Defendant contends, however, that “the only way” to determine the existence of probable cause would have been for the magistrate judge to watch recordings of the messages and content shared in the subject groups. According to defendant, such a review was necessary in order for the magistrate judge to verify whether the groups were focused on the exchange of child pornography. To the contrary, the magistrate judge was not required to view the actual images and videos purportedly depicting child pornography. It was appropriate for her instead to review a “detailed, factual description” of the images and videos at issue. United States v. Brunette, 256 F.3d 14, 18 (2001).

The Affidavit here described in detail the sexually explicit nature of the content and the body size and development of the persons depicted. See United States v. Syphers, 426 F.3d 461, 467 (1st Cir. 2005) (noting the importance of including a “detailed description of the physiological features of the persons depicted” in the affidavit in order to establish that they were children). Thus, the Affidavit contained a “sufficiently specific description of the images” to support the magistrate judge’s probable cause determination. Id.

Defendant also suggests that the volume of child pornography exchanged in the four groups was insufficient to show that the groups were focused on child pornography. The Affidavit explains, however, that 83 files depicting child pornography were shared in Group A in the months prior to February 12, 2021, and 34 such files were shared across Groups B, C or D from September 20, 2020, to June 14, 2021. Even though that is fewer images and/or videos than have been found in other cases, there is no requirement that thousands of illegal files must be discovered. Nor was the magistrate judge required to review the screen recordings of the groups and compare the number of files depicting child pornography to the number of files unrelated to child pornography. Rather, it was proper for the magistrate judge to find that the exchange of dozens of pornographic images and videos of children in four private groups, of which defendant was a member at or near to the dates on which that content was shared, yielded a fair probability that the 2021 Warrants would uncover evidence of a crime. Syphers, 426 F.3d at 465 (“Probable cause only requires a probability or substantial chance of criminal activity, not an actual showing of such activity.”).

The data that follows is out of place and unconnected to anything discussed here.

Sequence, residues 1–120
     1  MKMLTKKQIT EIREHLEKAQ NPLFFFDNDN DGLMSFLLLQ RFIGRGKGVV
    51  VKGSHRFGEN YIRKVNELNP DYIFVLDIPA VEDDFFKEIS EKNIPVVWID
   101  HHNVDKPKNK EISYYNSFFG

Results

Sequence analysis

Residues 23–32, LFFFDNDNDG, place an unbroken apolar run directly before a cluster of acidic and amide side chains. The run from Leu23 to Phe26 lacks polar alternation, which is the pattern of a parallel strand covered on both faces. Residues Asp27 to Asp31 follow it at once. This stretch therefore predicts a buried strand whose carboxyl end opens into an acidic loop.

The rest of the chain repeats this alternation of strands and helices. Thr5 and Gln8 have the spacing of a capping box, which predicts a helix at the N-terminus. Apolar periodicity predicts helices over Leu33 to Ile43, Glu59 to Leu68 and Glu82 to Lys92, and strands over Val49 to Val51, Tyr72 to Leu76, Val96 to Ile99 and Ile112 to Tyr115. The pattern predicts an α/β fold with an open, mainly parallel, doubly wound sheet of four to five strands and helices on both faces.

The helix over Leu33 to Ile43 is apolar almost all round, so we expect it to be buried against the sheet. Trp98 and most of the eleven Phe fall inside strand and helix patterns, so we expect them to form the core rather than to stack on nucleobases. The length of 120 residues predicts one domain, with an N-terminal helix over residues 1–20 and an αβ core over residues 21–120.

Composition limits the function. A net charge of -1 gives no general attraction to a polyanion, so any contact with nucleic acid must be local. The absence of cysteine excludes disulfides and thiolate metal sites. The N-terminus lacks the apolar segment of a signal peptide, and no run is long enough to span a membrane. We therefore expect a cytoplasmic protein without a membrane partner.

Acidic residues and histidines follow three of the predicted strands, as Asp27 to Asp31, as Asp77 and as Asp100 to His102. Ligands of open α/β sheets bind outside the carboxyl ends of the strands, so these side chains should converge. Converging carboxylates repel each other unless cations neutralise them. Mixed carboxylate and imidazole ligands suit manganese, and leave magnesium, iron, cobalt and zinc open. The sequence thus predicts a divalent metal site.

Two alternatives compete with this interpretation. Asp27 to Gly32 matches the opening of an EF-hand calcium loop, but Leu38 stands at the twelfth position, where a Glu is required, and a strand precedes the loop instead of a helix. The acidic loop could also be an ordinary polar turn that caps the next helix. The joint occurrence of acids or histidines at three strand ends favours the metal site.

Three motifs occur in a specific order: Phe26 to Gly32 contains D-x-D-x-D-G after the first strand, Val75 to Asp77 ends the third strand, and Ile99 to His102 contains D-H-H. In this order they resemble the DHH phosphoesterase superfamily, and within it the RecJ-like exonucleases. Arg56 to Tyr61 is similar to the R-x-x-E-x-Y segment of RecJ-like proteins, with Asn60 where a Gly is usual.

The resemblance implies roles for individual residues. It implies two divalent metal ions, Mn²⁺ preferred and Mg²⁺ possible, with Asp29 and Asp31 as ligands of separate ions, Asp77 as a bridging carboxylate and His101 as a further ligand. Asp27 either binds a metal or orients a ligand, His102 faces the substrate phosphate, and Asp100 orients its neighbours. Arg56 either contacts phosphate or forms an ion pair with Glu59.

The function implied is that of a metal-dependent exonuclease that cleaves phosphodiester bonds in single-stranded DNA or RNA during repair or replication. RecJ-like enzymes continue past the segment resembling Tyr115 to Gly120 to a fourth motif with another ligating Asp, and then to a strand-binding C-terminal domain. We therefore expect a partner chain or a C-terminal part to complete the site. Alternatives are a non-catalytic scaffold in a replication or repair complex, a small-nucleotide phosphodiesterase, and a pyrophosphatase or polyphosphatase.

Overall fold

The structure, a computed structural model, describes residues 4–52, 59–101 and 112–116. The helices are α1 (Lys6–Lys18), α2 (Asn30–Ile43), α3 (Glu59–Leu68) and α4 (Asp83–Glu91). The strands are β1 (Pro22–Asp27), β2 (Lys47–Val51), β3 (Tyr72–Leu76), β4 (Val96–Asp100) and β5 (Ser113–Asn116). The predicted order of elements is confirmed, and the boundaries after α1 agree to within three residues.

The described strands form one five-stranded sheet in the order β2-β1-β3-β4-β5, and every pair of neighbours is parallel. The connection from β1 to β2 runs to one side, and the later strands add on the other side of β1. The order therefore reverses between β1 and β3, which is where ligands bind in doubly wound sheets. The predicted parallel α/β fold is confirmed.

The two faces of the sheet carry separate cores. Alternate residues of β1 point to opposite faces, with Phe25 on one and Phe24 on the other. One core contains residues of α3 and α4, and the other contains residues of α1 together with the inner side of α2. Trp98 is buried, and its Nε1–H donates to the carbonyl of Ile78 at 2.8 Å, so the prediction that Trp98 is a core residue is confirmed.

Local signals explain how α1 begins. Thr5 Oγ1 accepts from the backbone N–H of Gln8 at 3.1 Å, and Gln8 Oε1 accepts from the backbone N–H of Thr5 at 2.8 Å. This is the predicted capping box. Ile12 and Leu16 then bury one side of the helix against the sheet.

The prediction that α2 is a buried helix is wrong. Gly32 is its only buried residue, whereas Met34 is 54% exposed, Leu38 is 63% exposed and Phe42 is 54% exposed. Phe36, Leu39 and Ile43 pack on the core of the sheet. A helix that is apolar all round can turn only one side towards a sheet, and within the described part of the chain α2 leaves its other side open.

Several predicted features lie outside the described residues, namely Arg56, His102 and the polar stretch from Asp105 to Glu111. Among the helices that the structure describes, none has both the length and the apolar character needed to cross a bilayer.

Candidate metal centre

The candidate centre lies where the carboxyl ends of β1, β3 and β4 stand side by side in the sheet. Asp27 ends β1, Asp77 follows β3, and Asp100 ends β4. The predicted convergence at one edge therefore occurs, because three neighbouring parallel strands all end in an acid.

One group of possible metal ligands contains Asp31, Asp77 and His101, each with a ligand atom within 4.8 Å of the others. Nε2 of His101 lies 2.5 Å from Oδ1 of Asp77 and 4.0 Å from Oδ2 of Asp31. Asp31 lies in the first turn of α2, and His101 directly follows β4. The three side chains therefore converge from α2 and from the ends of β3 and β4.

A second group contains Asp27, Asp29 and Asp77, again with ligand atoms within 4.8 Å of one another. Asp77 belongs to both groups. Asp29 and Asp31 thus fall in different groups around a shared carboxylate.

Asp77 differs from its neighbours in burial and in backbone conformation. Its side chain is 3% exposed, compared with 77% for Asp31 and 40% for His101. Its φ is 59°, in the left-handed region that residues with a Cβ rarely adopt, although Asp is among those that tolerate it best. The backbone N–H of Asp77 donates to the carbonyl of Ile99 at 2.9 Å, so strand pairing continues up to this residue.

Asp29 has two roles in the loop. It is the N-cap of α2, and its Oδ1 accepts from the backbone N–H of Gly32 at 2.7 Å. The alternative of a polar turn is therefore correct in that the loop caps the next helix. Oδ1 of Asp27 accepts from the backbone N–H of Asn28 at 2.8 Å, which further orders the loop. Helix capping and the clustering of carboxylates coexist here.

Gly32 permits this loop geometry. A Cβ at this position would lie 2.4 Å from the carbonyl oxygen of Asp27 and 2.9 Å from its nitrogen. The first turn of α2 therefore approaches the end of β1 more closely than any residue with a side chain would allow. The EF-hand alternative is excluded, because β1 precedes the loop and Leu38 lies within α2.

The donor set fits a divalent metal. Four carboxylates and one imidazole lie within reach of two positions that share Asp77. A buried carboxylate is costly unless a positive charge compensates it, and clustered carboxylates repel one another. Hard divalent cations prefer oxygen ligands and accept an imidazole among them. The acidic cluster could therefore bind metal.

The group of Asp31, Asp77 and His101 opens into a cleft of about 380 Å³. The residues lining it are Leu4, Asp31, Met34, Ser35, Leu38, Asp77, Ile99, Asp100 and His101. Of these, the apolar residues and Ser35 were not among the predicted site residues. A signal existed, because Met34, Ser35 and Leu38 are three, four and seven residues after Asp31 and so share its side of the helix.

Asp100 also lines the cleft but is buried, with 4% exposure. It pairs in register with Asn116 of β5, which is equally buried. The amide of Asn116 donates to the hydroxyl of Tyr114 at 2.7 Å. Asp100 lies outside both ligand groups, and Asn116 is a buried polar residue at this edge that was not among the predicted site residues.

B. Franks Hearing

1. Legal Standard A sworn affidavit filed in support of a search warrant is entitled to a presumption of validity. See United States v. Rigaud, 684 F.3d 169, 173 (1st Cir. 2012); see also Gates, 462 U.S. at 236 (holding that “courts should not invalidate warrants by interpreting affidavits in a hypertechnical, rather than a commonsense, manner.”) (cleaned up). A defendant, however, may attempt to rebut that presumption and challenge the veracity of an affidavit at a so-called Franks hearing. In order to demonstrate his entitlement to a Franks hearing, a defendant must make

a substantial preliminary showing that [1] a false statement knowingly and intentionally, or with reckless disregard for the truth, was included by the affiant in the warrant affidavit, and [2] the allegedly false statement is necessary to the finding of probable cause . . . . Franks, 438 U.S. at 155-6. The defendant must make a sufficient showing as to both elements or else the request for a hearing will fail. See Rigaud, 684 F.3d at 173.

The omission of a material fact from an affidavit may also entitle a defendant to a Franks hearing. See United States v. Lanza-Vazquez, 799 F.3d 134, 141 (1st Cir. 2015). The defendant must show that the omission was intentional or reckless and that the omitted information, if presented to the magistrate judge, would have vitiated the finding of probable cause. See United States v. Tanguay, 787 F.3d 44, 49 (1st Cir. 2015).

With respect to showing an affiant’s reckless disregard for the truth in making a false statement, the First Circuit Court of Appeals has held that such disregard

may be established where an [affiant] in fact entertained serious doubts as to the truth of the allegations or where circumstances evinced obvious reasons to doubt the veracity of the allegations in the application. Burke v. Town of Walpole, 405 F.3d 66, 81 (1st Cir. 2005) (citation omitted) (internal quotation marks omitted).

Similarly, an allegedly material omission may be deemed reckless if the omission was “critical to the determination of probable cause” or the affiant omitted facts she knew the judge would want to know. Id. at 81-82 (citations omitted).

2. Application

a. Whether the False Statements and Omitted Information Were Necessary to the Finding of Probable Cause Because the government has since admitted that the Affidavit included two inaccurate statements with respect to the functioning of Viber groups, this Court’s review of the finding of probable cause in Section II.A.2 did not refer to those statements. Thus, as explained in that section, it was not necessary for the magistrate judge to rely on those portions of the Affidavit to reach her determination. In addition to the two statements that the government admits were incorrect, defendant contends that the Affidavit contained the false and/or misleading statement that